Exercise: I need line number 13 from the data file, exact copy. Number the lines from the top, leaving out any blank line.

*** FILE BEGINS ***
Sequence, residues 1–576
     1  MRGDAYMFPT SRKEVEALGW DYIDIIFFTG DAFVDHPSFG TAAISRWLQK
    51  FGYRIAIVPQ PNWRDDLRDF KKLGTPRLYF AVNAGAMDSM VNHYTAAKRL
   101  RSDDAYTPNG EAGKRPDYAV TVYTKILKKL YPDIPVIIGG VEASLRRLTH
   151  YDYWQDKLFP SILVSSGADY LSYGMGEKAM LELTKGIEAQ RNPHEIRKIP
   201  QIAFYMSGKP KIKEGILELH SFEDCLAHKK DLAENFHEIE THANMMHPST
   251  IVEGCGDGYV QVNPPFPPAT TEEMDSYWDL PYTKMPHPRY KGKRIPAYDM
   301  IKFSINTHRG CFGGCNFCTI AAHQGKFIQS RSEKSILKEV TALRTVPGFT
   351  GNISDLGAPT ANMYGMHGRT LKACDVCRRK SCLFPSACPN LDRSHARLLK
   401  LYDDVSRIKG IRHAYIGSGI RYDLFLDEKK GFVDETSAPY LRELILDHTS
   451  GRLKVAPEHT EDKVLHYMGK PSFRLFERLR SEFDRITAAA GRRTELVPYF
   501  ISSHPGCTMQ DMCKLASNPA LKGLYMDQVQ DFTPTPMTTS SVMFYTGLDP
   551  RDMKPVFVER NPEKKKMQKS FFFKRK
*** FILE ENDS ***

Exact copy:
   551  RDMKPVFVER NPEKKKMQKS FFFKRK